journalist, author, reform activist for minority rights, women's suffrage, and union rights. Oswald Garrison Villard was born in Germany to Fanny Garrison, daughter of the abolitionist William Lloyd Garrison, and the railroad and newspaper magnate Henry Villard. The elder Villard had come from Speyer on the Rhine to New York at age eighteen as Heinrich Hilgard, had covered the 1858 debates between the congressional candidates Abraham Lincoln and Stephen A. Douglas as a reporter, and had become a friend of Lincoln's. So the son, Oswald Garrison, had a great deal to live up to on...
journalist, author, reform activist for minority rights, women's suffrage, and union rights. Oswald Garrison Villard was born in Germany to Fanny Garrison, daughter of the abolitionist William Lloyd Garrison, and the railroad and newspaper magnate Henry Villard. The elder Villard had come from Speyer on the Rhine to New York at age eighteen as Heinrich Hilgard, had covered the 1858 debates between the congressional candidates Abraham Lincoln and Stephen A. Douglas as a reporter, and had become a friend of Lincoln's. So the son, Oswald Garrison, had a great deal to live up to on both sides of the family, but also the financial means to do a great deal.In his memoir, Fighting Years, Oswald Garrison Villard fondly remembers his early life from 1877 in New York City's The Westmoreland, the first apartment house with an elevator, and then a move in 1879 to Dobbs Ferry, the hundred-acre Thorwood estate on the Hudson which would be his country home for forty-eight years. He and his siblings did not wonder, he says, why they had a private railroad car when touring California in 1877 and in attending the Golden Spike ceremony in Colorado on the completion of Henry Villard's Northern Pacific portion of the transcontinental railroad route in September 1883. In 1884 the entire family moved to Berlin for two years, which got rid of his American “spread eagle-ism,” Villard said, and turned him into an internationalist (p. 62). Upon returning, the family resided in the lower three floors of the Louis C. Tiffany house at Seventy-second Street and Madison Avenue in Manhattan, with its drawing room large enough for three hundred guests invited to hear Thomas Edison's new invention, the phonograph.In 1889 Villard matriculated at Harvard after camping for six weeks with his brother and a friend in Yellowstone National Park and Jackson Hole country in an attempt to boost his lungs, which were subject to bronchial attacks. Unfortunately, his brother died during Villard's last exams at Harvard before his degree in June of 1893. (He received his AM degree there in 1896, and later received honorary degrees from Washington and Lee University, 1906; Lafayette College, 1915; Howard University, 1933; and the University of Oregon, 1935.) With a drive to write, Villard then spent months traveling to the Chicago World's Fair, Spain, North Africa, Sicily, Egypt, Greece, Turkey, the Balkans, and Vienna until an invitation from the history professor Albert Bushnell Hart at Harvard brought him back there to serve as an assistant. Teaching confirmed his desire to be a journalist, so he joined the staff of the Philadelphia Press before moving to his father's New York Evening Post, where he first took over the Saturday feature supplement to “learn the ropes” and then in 1897 became president and editorial writer.It was in this position that Villard had the life-changing experience of traveling to Hampton Normal and Agricultural Institute in Virginia and Booker T. Washington's Tuskegee Institute in Alabama with the philanthropist Robert C. Ogden. Not only was Villard impressed with what these and other Negro schools were doing in the face of terrible injustice, but he also met his Kentucky wife, Julia B. Sandford. Some of his future conflicts with fellow officers of the NAACP are hinted at here. Accustomed to relating to Negroes either as servants, as in his early life and his wife's experience, or as obsequious seekers of white support, as with Washington, Villard was never able to join in the debates and conflicts with W. E. B. Du Bois, for example, as equal to equal in the way other early white NAACP leaders such as Mary White Ovington and Joel and Arthur Spingarn were.It is to Ovington that much credit can be given for recruiting and maintaining Villard in a supportive relation to the NAACP. She traveled to the South in 1905–1906, sending articles back to Villard's New York Evening Post, including several pieces both on Washington's farmer conferences at Tuskegee and on Du Bois's Niagara Movement meetings at Harpers Ferry, West Virginia. Meanwhile, with another wealthy Negro sympathizer, John Milholland, she involved Villard in the Constitution League and other activities which moved sympathies toward Du Bois in the debates between the two Negro leaders.When the NAACP was formed, it was Ovington who saw the need for Villard's support and money, and she drew him in with his writing skills to revise “The Call,” which was published on Abraham Lincoln's one-hundredth birthday on 12 February 1909 with signatures of over fifty prominent people, announcing meetings to confront the conditions of black Americans, and cajoled him into staying with the group, even as he was prone to insist that Washington had to be involved, too. Thus Villard provided the initial office space for the NAACP and The Crisis, which emerged from those meetings, going along with bringing Du Bois in as editor though he was not happy about it, and was early on elected chairman of the board.Conflicts about “authority” between the editor and the chairman were not helped by Villard's publishing a negative review of Du Bois's John Brown book just before Villard's own exhaustive biography of the abolitionist appeared. Increasing clashes led Villard to leave the chairmanship in November 1913 and be elected treasurer at the annual meeting in January 1914. In 1919, when Ovington became chairman of the board, Villard resigned both as treasurer and as a board member and was made an honorary vice president. Though he later returned to becoming active with the group (again thanks to Ovington's repeated invitations), most of his high energy, formidable writing and editing skills, and careless courage in fighting for what he believed was spent after 1920 on other things: women's suffrage and especially peace issues. As editor and owner of The Nation, which was separated from its parent paper, the Post, when the latter was sold in 1918, Villard turned it into a clear, well-written, strong voice for liberalism. The author of a large number of well-written books as well, Oswald Garrison Villard with his administrative and journalistic skills was a fortunate ally and participant in the early days of the NAACP and other black rights organizations.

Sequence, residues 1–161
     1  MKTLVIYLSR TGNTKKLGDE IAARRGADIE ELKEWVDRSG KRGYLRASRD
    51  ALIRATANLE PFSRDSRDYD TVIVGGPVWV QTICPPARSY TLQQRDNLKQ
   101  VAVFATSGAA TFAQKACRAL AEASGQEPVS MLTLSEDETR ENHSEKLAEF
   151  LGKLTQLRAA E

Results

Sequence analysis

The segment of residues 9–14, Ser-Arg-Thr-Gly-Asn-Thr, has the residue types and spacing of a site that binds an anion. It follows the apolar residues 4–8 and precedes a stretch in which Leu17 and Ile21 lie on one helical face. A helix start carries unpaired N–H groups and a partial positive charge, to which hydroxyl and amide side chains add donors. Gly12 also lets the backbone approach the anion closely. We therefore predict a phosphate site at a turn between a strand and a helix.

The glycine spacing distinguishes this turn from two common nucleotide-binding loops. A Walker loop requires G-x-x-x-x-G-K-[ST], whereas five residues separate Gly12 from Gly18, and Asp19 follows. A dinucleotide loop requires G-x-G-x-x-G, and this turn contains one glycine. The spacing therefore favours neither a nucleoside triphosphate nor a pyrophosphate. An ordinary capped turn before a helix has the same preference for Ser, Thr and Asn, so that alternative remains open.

Reference Entry. 1167 words. Illustrated.
Full text: subscription required